With high-speed 4G LTE onboard the new iPad, skipping the Wi-Fi-only model and going for one with a data plan will be a popular move. Apple is serving up two different 4G LTE iPads--one on AT&T, and one on Verizon.
Choosing the right service provider is important, since the iPad you purchase is indefinitely tied to its carrier. That is, you can't put a Verizon data plan on your AT&T iPad, and vice versa.
In many ways, AT&T and Verizon have similar offerings. For example, both carriers offer a month-to-month plan (no contract), and data plan pricing is almost the same. However, there are a few key differences that will help you choose one carrier over the other.
1. Evaluate your data needs.
Take a look at this table:
As you can see, both AT&T and Verizon offer equal pricing for 2GB and 5GB monthly plans. However, AT&T also offers a 250MB plan, while Verizon offers a 10GB monthly plan. How do you choose the right plan? Consider these things:
250MB 1GB 2GB 3GB 5GB 10GB AT&T $14.99/mo n/a n/a $30/mo $50/mo n/a Verizon n/a $20/mo $30/mo n/a $50/mo $80/mo
- Personal hot spot. The new iPad introduces a personal hot-spot feature, allowing you to share your data connection with up to five devices. Will you use this? If so, how often, and with how many devices? With the data usage on your iPad plus the data usage on those devices running off your iPad's connection, your monthly GB toll can add up quickly.
Also worth noting is that right away. Verizon, however, will.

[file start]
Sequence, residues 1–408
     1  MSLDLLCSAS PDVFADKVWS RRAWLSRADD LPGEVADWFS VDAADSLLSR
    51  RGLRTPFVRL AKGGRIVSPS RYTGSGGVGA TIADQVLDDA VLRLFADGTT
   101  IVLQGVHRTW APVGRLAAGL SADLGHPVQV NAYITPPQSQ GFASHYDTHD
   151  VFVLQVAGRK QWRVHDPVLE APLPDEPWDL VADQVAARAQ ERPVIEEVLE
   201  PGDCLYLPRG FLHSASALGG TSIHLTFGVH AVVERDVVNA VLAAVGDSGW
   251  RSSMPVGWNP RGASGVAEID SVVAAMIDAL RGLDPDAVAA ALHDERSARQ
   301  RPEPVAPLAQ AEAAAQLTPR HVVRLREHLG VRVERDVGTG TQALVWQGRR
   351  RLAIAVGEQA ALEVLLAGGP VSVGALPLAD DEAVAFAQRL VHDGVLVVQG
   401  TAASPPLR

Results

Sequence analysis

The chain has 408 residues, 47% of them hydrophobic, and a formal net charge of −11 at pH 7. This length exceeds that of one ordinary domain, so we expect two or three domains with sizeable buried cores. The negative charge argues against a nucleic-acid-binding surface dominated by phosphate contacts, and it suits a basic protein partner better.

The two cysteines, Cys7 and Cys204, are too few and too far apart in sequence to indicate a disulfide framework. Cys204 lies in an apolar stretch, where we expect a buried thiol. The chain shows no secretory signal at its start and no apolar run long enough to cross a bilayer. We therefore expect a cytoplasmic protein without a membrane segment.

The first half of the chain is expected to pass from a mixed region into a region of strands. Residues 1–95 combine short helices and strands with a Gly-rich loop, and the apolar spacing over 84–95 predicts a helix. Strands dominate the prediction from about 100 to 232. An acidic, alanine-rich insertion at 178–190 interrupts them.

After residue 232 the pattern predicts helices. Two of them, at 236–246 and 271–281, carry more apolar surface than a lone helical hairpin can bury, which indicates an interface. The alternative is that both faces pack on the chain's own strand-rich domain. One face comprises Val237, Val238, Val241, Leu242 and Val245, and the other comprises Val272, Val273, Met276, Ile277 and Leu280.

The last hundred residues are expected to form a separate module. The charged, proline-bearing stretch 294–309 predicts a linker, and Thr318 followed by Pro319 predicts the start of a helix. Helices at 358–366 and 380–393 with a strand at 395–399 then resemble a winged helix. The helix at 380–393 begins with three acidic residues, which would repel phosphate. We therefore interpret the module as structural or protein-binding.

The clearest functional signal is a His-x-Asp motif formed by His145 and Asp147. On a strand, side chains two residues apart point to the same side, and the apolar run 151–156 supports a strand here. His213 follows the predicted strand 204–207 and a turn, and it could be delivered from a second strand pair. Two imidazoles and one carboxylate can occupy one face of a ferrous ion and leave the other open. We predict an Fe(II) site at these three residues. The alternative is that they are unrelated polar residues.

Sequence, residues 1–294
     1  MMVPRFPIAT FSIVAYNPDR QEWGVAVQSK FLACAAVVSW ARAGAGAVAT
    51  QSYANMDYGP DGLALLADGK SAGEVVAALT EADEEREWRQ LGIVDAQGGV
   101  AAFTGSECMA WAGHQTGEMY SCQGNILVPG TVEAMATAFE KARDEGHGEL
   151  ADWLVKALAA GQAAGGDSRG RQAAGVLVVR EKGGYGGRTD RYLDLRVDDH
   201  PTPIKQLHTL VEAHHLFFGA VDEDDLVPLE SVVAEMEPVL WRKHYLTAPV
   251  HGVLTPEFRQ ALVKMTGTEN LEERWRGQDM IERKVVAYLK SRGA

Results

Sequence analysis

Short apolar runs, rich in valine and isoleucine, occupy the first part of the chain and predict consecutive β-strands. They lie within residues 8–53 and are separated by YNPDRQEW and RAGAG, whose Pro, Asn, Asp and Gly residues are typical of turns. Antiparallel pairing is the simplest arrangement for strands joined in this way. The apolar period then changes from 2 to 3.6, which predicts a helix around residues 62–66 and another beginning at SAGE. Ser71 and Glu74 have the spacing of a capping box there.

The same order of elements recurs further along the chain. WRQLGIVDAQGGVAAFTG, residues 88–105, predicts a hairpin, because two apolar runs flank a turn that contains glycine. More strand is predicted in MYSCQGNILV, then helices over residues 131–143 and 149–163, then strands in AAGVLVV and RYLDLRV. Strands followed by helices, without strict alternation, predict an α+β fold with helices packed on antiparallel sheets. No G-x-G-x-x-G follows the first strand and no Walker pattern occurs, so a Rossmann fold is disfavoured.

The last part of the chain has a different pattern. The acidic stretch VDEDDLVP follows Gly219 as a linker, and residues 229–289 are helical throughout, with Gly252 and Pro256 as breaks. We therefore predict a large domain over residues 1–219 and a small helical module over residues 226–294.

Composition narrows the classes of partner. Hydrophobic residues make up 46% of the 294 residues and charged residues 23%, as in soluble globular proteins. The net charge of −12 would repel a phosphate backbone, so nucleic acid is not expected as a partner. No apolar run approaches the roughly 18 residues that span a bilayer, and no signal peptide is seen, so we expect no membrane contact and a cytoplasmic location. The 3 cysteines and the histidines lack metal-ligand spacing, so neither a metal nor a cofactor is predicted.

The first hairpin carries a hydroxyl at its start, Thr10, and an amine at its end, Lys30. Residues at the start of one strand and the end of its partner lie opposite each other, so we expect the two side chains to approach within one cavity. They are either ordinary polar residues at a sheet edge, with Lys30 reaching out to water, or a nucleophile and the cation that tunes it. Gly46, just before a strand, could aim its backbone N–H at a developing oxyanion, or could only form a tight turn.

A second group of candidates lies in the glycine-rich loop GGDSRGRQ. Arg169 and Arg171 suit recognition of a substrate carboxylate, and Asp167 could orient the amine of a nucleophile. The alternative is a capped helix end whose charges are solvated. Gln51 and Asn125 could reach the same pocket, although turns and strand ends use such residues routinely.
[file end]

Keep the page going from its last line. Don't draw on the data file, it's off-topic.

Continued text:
- Streaming and downloads. If your favorite activities include streaming video and music, consider how much data these processes require. For example, Clicker found out that an 1.5-hour movie uses 225MB per hour. So, if you don't do anything else, you could watch about 13 hours of streaming video on a 2GB plan.
- Wi-Fi availability. How often will you use your iPad in areas with Wi-Fi? If the answer is "pretty often," you may consider going with AT&T's 250MB per month plan.
Once you evaluate these needs, you'll be able to narrow down your choices a bit. For example, if you know you'll use 4G rarely, as Wi-Fi is abundant, consider AT&T's 250MB minimalist plan. Or, if you know you want the hot-spot feature, go with Verizon.
2. Check the coverage maps.
Because 4G LTE is relatively new, carriers like AT&T and Verizon are still working on establishing the infrastructure to support it. In San Francisco, home of the CNET headquarters, 4G LTE only became available in January 2012. Use these coverage maps to find out if 4G LTE is available in your area:
Alternatively, check out Sensorly's crowsourced coverage maps to find out how good 4G LTE is in your area according to other users.
By the numbers, Verizon has the largest 4G LTE netowork, covering 195 cities, while AT&T covers just 23. If you're going for AT&T, there's coverage in your area, and you don't travel much, AT&T will do. Otherwise, Verizon offers up a much more reliable network.
3. Read the fine print.
Don't wait until after your purchase to think about these things: return policies.
Return policies: If you purchase your iPad from Verizon, you're tied to a 14-day return period with a $70 restocking fee, and one exchange. If you purchase your iPad from AT&T, you get the same 14-day return policy, and a 10 percent restocking fee.
My advice? Buy it from Apple. You get a 14-day return policy and no silly restocking fees. In any case, you'll never be charged an early termination fee for your service plan, since you're not on a contract. (If only this applied to phones!)
The answer may be simple.
A simple solution to the carrier conundrum didn't occur to me until Editor at Large Rafe Needleman said, "My thought: Verizon, since my phone is AT&T. One will work when other doesn't." Well put.
Editors' note:This post was updated to correct Verizon and AT&T's data pricing.